Modal realism is the view propounded by David Kellogg Lewis that all possible worlds are real in the same way as is the actual world: they are "of a kind with this world of ours." It is based on the following tenets: possible worlds exist; possible worlds are not different in kind from the actual world; possible worlds are irreducible entities; the term actual in actual world is indexical, i.e. any subject can declare their world to be the actual one, much as they label the place they are "here" and the time they are "now".

Philosophical presentism is the view that neither the future nor the past exists. In some versions of presentism, the view is extended to timeless objects or ideas. According to presentism, events and entities that are wholly past or wholly future do not exist at all. Presentism contrasts with eternalism and the growing block theory of time, which hold that past events, like the Battle of Manzikert, and past entities, like Alexander the Great's warhorse Bucephalus, really exist although not in the present. Eternalism extends to future events as well.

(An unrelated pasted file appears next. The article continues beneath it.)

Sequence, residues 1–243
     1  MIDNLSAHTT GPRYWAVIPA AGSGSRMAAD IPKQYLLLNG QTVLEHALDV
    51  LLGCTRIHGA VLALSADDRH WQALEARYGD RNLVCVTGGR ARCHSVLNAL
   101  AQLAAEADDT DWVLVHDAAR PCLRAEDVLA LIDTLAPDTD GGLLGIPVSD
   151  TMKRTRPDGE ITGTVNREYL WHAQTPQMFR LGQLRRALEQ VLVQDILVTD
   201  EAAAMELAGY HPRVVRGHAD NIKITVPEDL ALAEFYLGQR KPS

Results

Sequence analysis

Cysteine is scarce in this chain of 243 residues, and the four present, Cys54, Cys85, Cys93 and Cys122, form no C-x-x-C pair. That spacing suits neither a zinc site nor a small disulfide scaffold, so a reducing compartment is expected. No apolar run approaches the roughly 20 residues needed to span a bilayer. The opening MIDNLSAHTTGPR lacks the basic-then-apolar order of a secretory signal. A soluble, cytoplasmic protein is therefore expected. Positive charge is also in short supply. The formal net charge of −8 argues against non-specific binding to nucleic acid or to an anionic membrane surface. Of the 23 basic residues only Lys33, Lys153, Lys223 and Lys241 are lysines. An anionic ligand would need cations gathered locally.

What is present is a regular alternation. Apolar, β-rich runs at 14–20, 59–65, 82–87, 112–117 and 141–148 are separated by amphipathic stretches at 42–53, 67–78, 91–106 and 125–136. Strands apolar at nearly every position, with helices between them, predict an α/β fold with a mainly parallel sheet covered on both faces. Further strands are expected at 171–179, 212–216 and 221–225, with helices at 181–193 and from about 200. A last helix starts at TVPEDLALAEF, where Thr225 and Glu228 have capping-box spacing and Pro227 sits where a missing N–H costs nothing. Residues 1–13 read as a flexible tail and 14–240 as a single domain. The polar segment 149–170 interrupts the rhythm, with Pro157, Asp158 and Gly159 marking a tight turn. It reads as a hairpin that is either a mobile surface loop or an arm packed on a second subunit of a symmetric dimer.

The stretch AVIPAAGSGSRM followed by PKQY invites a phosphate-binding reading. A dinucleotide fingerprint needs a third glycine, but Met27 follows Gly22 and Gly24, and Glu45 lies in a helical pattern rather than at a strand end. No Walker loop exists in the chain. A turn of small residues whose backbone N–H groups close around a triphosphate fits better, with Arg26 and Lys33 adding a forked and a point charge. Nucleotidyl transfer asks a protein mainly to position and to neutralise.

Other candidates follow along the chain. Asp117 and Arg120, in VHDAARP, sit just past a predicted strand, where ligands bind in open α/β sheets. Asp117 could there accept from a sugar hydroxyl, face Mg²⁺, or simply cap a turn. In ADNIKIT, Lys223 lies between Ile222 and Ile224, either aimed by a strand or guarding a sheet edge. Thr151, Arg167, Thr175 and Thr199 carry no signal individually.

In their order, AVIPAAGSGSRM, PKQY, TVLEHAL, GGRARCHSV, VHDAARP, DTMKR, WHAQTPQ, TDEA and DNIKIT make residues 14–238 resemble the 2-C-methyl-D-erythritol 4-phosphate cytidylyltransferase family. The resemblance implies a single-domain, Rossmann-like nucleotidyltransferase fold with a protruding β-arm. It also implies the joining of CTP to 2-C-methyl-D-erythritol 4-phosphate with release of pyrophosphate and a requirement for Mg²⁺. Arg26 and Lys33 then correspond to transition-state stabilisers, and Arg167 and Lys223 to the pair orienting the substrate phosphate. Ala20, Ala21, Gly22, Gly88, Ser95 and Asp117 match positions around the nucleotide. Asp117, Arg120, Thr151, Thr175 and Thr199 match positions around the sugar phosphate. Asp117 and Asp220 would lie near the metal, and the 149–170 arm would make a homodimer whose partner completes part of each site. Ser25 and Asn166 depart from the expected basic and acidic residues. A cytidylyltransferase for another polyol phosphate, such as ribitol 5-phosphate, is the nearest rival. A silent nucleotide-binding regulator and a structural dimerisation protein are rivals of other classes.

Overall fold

An infinite regress is an infinite series of entities governed by a recursive principle that determines how each entity in the series depends on or is produced by its predecessor. In the epistemic regress, for example, a belief is justified because it is based on another belief that is justified. But this other belief is itself in need of one more justified belief for itself to be justified and so on. An infinite regress argument is an argument against a theory based on the fact that this theory leads to an infinite regress. For such an argument to be successful, it has to demonstrate not just that the theory in question entails an infinite regress but also that this regress is vicious. There are different ways in which a regress can be vicious. The most serious form of viciousness involves a contradiction in the form of metaphysical impossibility. Other forms occur when the infinite regress is responsible for the theory in question being implausible or for its failure to solve the problem it was formulated to solve. Traditionally, it was often assumed without much argument that each infinite regress is vicious but this assumption has been put into question in contemporary philosophy. While some philosophers have explicitly defended theories with infinite regresses, the more common strategy has been to reformulate the theory in question in a way that avoids the regress. One such strategy is foundationalism, which posits that there is a first element in the series from which all the other elements arise but which is not itself explained this way. Another way is coherentism, which is based on a holistic explanation that usually sees the entities in question not as a linear series but as an interconnected network. Infinite regress arguments have been made in various areas of philosophy. Famous examples include the cosmological argument, Bradley's regress and regress arguments in epistemology.